Faithful walk in Christ’s footsteps, carrying cross from Steubenville to Wintersville on Good Friday
STEUBENVILLE — When Amanda Thompson suggested an interdenominational Christ Walk 11 years ago, everyone thought she was crazy.
Thompson said that she was new to her faith when the idea of a walk came to her. She said that she was trying to evangelize to others, but kept hearing the same thing over and over: “Too many denominations can’t agree, why should I?”
“I realized we needed a visual show of our unification and love of Christ,” she said.
When she proposed the idea at first, people said it would be a “logistical nightmare” to get that many churches all on the same page.
Thompson wouldn’t take “no” for an answer, so she approached the the Ohio Valley Pastor Network.
She said the group fully supported her idea of a walk on Good Friday where volunteers would take turns carrying a cross to celebrate the sacrifice Christ made for their sins.
She said the network decided to start the walk with a worship service to get everyone together.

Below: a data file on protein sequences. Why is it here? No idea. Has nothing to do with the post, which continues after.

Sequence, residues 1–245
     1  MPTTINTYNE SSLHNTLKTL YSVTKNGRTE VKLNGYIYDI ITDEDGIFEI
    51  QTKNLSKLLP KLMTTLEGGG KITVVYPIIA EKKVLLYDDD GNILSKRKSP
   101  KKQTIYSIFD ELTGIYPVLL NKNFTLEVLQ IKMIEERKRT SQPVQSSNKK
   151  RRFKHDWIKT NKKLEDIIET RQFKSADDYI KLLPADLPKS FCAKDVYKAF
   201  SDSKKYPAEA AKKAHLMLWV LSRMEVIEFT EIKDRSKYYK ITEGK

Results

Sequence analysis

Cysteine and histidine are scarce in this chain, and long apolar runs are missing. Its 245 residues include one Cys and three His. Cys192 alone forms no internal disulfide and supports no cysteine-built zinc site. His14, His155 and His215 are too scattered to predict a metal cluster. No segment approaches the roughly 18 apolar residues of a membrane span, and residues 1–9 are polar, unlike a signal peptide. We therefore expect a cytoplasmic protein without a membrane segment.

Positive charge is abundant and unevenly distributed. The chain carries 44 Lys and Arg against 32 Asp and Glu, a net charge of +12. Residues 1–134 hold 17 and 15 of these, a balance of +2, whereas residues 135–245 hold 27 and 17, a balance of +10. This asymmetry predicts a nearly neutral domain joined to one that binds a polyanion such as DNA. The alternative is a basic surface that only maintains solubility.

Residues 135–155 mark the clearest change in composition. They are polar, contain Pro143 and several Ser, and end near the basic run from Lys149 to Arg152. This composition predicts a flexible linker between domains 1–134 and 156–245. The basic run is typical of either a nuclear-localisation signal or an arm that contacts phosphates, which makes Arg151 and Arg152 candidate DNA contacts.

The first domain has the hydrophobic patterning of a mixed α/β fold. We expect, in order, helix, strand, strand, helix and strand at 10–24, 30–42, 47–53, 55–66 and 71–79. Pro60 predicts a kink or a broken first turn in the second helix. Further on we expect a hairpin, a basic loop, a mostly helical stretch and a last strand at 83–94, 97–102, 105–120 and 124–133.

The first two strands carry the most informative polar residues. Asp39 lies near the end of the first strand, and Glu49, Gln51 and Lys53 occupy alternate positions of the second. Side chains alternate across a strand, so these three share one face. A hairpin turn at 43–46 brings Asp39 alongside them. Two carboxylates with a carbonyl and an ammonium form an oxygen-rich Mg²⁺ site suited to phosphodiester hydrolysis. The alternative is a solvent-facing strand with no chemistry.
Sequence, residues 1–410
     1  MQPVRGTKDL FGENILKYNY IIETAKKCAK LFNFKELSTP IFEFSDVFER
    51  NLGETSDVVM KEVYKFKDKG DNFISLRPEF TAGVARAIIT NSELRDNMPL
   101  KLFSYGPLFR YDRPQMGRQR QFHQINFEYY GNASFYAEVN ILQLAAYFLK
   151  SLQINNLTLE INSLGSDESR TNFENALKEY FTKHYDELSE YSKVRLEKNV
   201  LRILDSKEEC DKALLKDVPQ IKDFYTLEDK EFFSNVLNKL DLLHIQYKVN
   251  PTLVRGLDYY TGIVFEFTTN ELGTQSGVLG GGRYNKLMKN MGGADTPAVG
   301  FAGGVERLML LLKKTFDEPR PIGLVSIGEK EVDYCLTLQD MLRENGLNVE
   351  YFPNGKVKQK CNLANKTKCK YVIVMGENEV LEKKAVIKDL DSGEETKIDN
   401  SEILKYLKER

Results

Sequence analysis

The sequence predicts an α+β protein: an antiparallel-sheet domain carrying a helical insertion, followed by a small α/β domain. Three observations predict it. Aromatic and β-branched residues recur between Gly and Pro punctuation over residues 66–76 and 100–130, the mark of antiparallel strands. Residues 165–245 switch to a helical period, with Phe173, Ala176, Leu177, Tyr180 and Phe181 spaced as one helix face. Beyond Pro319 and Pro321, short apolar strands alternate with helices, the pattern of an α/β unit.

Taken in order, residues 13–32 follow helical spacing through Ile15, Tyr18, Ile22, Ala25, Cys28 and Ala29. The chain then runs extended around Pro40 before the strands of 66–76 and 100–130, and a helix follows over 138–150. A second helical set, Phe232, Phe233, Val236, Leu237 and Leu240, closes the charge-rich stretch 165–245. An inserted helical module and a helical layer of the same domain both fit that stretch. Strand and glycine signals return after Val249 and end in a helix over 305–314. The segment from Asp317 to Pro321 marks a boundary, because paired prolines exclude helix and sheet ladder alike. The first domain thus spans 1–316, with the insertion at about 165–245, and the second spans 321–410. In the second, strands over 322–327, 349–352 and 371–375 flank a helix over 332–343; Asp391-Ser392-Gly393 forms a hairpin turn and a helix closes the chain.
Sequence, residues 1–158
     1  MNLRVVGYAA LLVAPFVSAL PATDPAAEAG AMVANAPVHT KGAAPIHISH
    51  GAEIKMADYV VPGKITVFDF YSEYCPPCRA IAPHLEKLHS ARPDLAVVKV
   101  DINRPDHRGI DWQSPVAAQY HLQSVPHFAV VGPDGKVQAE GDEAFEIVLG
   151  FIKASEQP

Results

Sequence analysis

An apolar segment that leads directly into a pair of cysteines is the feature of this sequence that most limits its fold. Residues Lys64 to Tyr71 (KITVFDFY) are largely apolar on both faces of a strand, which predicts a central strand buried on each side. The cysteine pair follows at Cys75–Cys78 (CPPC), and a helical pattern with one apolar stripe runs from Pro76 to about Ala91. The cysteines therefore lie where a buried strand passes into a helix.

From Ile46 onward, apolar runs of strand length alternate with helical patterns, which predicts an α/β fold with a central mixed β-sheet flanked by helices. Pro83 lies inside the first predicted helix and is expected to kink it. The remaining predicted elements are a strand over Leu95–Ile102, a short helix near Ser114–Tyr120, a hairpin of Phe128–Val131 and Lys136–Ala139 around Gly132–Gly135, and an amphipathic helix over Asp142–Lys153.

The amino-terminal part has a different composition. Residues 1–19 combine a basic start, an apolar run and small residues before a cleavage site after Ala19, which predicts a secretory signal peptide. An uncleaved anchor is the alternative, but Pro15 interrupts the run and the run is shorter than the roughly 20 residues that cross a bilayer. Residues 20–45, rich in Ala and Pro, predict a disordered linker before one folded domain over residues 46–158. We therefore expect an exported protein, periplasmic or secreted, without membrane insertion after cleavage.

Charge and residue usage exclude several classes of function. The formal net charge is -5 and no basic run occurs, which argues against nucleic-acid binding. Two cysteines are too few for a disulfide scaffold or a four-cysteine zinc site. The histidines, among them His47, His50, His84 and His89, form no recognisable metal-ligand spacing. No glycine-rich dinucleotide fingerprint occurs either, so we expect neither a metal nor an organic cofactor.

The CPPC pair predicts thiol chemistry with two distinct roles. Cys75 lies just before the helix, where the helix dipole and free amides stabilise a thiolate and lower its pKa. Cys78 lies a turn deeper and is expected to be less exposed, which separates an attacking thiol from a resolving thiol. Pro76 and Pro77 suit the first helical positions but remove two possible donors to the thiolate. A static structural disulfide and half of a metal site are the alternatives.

She said the first year 40 people made the trek. This year, approximately 100 people took part in the almost 7-mile walk from the Friendship Room in Steubenville to the Crossroads Church in Wintersville.
“Every year we have new churches that join,” Thompson said as the group paused for a water and restroom break at Grace Lutheran Church on Sunset Boulevard in Steubenville.
Conner Garbade, 15, was one the volunteers who carried the cross Friday.
“It was an amazing feeling,” Garbade said. “A once-in-a-lifetime thing. You know you are a part of something big. You are doing what Jesus did and praising the Lord.”
Garbade said while carrying the cross, he was reminded of a passage in the Bible that says “when you praise God the angels sing.”
“When you praise God,” he said, “that is everything.”
Amber Steabile, a member of the congregation at Crossroads Church, said that many men and women would take turns carrying the cross on the journey.
“They switch off,” she said. “Some men and women take turns that way they get a chance to feel what Jesus felt. That sacrifice.”
“Jesus did more than this for us,” Fran Lefheart, a participant, said. “This is just to feel a little of his heart.”
“He was beaten up and hurt when he had to do this,” Pauline Roubush, a participant, said. “This is just a way to show our gratitude.”
Steabile said that not everyone can walk the whole length of the Christ Walk. She said some people physically can’t do the walk, so she was driving a van from Crossroads Church following the walkers and picking up or giving a rest to those who need it.
She also said some cannot join the whole walk due to their work schedules, but they pick up extra walkers along the way.
“We want this to really be a community event,” Steabile said.